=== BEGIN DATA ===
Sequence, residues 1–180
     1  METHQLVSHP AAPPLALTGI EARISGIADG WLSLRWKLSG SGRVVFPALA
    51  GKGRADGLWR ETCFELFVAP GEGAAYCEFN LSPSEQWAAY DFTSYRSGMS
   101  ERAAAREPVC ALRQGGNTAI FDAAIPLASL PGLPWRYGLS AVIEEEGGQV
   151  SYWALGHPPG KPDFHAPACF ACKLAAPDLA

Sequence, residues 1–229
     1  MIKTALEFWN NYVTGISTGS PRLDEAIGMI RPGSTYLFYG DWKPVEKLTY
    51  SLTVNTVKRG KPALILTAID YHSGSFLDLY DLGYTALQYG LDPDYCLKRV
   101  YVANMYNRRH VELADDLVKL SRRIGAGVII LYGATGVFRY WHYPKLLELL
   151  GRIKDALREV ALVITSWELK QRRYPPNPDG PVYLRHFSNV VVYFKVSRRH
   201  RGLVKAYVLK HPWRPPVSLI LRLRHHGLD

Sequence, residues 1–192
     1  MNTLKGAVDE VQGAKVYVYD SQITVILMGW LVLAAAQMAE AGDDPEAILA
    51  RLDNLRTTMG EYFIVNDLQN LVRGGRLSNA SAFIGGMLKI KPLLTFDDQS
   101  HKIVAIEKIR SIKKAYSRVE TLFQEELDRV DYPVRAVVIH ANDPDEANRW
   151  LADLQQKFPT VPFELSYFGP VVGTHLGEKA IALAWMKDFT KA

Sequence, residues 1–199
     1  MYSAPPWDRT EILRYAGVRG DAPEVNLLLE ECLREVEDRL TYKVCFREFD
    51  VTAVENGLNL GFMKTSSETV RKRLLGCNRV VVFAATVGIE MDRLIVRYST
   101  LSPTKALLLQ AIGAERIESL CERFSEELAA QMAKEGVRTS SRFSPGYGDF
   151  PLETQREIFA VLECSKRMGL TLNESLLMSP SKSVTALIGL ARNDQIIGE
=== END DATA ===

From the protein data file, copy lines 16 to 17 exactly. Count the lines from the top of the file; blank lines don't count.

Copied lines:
   151  LADLQQKFPT VPFELSYFGP VVGTHLGEKA IALAWMKDFT KA

Sequence, residues 1–199